Human communities, including the great empire of the Incas, have lived in the Tropical Andes for thousands of years. Because the Inter-Andean valleys are the most hospitable to people, they are also the most degraded parts of the hotspot, with less than 10 percent of their original habitat remaining.
At the other end of the spectrum, some of the least degraded parts of the hotspot include isolated regions in Venezuela and Colombia, and the eastern slope of the Andes in Bolivia, Peru and parts of Ecuador. In Peru and Bolivia particularly, time still exists to establish reserves in areas of intact primary forests.
However, the effects of a large and growing population continue to threaten biodiversity throughout the Tropical Andes. Several cities with millions of inhabitants, including Santa Fe de Bogotá, Colombia; and Quito, Ecuador, are located within the hotspot and continue to expand as their populations grow.
Threats to the hotspot include:
Population pressure and migration
Population pressure and migration are deforestation drivers caused by the increasing need for new and greater areas for agricultural production and an increasing demand for food, water and energy by large populations in distant urban centers as well as in Amazonian communities.
Large migrations to towns and cities are a result of shifting economic trends—employment and education opportunities, and housing and urban development—all leading to higher standards of living. Human concentrations in urban areas and associated infrastructure, while occupying smaller percentages of land area than dispersed rural populations, have much wider impacts on the environment as they require increasing amounts of water, energy and natural resources from surrounding landscapes.
At the national level, some hotspot countries have recently made significant investments in road and river infrastructure in the region—particularly Bolivia, Ecuador and Peru—including the paving and widening of existing roads or the creation of new ones.
Road improvement in the humid montane forests on the eastern slopes of these three countries are expected to experience the most severe impacts on species conservation due to the high levels of endemism associated with cloud forests in this region that previously had few points of human entry. If environmental conditions are severely altered by road projects, extinction of some species may occur, especially those with restricted populations.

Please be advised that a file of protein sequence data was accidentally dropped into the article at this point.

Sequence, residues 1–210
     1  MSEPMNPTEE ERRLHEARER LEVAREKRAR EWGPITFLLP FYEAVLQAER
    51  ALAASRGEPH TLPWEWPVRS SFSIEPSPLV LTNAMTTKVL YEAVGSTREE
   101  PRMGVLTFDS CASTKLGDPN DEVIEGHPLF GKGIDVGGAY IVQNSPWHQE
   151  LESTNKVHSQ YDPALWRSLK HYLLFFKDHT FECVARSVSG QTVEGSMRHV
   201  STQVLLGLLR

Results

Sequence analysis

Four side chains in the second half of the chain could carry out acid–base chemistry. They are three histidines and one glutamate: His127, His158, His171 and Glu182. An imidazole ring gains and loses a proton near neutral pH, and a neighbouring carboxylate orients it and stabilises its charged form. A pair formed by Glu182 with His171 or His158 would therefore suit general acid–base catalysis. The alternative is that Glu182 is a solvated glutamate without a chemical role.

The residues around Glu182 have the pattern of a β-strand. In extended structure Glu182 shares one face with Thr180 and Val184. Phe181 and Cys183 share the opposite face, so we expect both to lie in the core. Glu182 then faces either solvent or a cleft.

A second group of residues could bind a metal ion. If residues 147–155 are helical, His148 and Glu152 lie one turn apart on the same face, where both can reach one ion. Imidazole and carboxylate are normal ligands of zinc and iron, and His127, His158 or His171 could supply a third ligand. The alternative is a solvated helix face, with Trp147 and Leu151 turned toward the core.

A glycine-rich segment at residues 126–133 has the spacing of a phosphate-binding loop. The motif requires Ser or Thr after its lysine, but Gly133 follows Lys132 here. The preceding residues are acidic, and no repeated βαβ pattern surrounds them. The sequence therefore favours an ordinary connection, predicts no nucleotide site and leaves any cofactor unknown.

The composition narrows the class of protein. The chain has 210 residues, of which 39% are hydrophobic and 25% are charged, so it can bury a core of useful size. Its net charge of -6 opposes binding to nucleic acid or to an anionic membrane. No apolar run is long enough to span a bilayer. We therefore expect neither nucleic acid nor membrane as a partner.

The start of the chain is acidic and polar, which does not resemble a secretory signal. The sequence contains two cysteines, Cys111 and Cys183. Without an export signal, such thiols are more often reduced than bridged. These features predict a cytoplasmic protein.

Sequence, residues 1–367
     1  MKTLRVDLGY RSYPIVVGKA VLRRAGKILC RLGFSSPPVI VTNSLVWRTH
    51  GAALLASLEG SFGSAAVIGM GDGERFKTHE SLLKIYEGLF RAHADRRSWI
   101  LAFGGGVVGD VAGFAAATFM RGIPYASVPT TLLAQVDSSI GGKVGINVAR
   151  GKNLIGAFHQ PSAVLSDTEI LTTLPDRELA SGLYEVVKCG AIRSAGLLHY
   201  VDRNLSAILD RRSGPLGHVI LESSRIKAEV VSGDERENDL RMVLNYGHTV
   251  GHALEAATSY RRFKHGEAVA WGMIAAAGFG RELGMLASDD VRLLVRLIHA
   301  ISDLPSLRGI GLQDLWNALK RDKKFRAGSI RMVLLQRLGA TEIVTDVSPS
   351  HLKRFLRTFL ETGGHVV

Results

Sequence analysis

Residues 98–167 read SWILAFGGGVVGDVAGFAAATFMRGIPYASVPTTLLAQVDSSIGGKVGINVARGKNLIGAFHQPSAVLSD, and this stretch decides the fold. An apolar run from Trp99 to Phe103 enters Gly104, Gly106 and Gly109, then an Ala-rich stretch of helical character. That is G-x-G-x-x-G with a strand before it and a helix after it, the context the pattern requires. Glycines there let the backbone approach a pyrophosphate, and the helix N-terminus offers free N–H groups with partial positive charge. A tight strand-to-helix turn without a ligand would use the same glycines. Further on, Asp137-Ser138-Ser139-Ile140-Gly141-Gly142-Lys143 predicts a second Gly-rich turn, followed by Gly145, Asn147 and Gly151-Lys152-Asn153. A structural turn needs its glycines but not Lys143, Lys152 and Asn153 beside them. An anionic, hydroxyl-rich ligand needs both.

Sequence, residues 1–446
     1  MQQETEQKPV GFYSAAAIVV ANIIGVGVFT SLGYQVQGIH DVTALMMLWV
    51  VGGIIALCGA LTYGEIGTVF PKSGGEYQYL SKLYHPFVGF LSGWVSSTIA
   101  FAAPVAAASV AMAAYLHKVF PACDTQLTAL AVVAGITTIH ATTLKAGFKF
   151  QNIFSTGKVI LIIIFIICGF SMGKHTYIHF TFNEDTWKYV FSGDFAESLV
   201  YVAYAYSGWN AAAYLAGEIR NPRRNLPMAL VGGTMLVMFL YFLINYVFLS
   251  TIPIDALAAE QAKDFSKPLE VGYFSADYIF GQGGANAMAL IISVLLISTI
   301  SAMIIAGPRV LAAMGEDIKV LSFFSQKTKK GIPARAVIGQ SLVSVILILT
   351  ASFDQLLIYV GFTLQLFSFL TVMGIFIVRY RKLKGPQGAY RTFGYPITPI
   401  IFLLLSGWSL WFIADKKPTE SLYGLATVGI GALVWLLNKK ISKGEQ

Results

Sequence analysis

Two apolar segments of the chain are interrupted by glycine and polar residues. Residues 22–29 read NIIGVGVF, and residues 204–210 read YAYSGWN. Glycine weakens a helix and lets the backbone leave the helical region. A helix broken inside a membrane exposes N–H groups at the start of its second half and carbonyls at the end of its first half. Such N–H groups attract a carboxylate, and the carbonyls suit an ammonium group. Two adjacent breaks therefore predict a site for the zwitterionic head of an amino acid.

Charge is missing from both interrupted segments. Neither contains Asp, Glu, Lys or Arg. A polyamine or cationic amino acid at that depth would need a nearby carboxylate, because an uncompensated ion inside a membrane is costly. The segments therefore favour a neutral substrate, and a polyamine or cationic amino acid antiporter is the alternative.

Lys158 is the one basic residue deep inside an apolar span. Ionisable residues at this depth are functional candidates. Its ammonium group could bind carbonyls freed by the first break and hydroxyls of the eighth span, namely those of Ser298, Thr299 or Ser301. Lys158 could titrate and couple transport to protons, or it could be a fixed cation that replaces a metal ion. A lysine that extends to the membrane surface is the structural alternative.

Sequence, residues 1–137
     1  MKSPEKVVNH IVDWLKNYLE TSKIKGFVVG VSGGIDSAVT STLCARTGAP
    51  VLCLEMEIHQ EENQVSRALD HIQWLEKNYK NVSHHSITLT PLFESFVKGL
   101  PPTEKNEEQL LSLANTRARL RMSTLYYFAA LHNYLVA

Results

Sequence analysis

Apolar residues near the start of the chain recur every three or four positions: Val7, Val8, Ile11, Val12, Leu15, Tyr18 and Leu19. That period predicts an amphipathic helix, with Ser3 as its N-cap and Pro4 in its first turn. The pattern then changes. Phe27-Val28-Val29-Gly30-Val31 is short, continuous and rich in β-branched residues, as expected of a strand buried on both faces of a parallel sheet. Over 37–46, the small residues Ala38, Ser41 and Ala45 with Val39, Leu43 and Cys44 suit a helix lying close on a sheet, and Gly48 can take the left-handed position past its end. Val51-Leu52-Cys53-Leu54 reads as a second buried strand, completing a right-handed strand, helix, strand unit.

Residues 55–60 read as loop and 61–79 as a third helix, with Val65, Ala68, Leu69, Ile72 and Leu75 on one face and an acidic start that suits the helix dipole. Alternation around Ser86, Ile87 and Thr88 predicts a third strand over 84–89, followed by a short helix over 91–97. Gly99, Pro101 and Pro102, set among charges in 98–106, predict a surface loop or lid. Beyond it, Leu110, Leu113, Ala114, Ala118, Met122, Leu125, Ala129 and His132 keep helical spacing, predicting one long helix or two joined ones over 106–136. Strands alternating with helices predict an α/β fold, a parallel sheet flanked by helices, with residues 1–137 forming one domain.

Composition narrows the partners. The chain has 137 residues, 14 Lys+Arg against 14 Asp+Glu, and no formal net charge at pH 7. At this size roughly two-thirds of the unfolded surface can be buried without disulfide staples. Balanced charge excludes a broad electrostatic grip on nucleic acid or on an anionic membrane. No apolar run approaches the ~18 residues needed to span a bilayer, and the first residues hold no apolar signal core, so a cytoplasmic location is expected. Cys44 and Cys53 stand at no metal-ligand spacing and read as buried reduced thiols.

Dams for hydroelectric production and irrigation
Due to rising energy demands and abundant untapped potential, the number of hydropower projects is rapidly increasing in the hotspot. This is especially true in the Andean-Amazonian countries, where regional governments are prioritizing new hydroelectric dams to satisfy energy needs. Installation of new hydroelectric projects requires new roads and flooding, both of which lead to deforestation.
Mining for copper, gold, silver and other minerals affects large areas of the hotspot. This extractive activity occurs both legally and illegally and has a huge impact on habitat loss, degradation and contamination of soils and water courses.
Overexploitation of species
In many remote rural areas of the Tropical Andes Hotspot families still depend on firewood for cooking fuel, and its collection and use can have strong negative impacts on both the local environment due to overharvest of natural forests as well as human health due to smoke and carbon monoxide production, especially among women and children.
Hunting and illegal trade
The growth of human populations has increased demand for some species and increased market prices for commercial species. Today, hunting for food is usually localized and not widespread in the hotspot, while hunting for illegal trade is much more common.